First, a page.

The objectives and inclusion criteria of the review were clear in most respects but the restriction of the review to studies published from 1999 onward did not appear to have a clear clinical rationale. Relevant sources were searched for studies. The restriction to published studies meant that the review was at risk of publication bias. It was unclear whether the search was restricted by language; all selected studies were in English. Steps were taken to minimise bias during study selection, quality assessment and data extraction. Insufficient information was provided about the quality assessment criteria used and the quality of individual studies (such as selection procedures, follow-up rates) and this made it difficult to assess the reliability of study findings. As the authors noted, most studies neither stated how participants were selected nor described the intervention and there was marked heterogeneity in their choice of outcomes. Results varied markedly across studies. The authors' conclusions referred to comparison with historical controls, but the data for medical groups were not included in the results section of the review. There was no evidence that the surgical and medical groups were comparable at baseline.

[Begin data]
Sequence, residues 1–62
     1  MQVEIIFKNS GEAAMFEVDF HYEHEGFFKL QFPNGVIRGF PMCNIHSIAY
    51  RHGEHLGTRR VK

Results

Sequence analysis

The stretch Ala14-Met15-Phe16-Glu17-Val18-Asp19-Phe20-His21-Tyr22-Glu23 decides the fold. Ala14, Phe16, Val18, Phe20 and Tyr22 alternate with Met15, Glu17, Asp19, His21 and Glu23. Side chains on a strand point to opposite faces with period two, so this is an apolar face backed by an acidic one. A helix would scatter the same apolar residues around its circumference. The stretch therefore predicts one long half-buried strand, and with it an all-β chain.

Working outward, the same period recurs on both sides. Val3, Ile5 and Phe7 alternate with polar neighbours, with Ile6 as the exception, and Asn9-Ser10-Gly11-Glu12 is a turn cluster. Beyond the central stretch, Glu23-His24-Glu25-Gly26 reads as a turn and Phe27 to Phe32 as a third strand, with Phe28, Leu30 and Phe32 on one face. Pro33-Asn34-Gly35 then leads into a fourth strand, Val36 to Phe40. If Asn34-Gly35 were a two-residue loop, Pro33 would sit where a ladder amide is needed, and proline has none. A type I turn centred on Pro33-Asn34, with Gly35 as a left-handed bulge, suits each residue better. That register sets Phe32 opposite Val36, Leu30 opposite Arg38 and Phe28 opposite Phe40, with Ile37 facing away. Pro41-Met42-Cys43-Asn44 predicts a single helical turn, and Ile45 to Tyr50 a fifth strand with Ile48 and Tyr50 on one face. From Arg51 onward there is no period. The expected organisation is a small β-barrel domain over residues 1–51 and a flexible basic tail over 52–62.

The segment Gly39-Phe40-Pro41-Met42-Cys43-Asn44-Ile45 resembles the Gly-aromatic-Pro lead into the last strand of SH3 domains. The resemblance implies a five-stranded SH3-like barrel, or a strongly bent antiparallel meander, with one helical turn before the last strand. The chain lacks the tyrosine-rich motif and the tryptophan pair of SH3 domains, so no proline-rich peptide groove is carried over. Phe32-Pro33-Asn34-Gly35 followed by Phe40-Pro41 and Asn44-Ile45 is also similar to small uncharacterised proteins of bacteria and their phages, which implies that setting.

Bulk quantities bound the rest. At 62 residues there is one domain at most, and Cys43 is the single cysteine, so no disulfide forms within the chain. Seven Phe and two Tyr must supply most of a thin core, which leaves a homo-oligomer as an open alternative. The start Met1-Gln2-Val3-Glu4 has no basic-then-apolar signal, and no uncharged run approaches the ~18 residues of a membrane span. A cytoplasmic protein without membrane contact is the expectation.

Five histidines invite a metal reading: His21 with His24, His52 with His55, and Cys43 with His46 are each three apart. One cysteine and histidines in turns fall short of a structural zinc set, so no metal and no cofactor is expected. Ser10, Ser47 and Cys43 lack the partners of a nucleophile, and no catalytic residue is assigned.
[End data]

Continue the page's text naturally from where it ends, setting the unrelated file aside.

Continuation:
The authors' conclusions should be interpreted very cautiously in view of the lack of controlled data, failure to describe study quality, the restricted search and differences between the studies.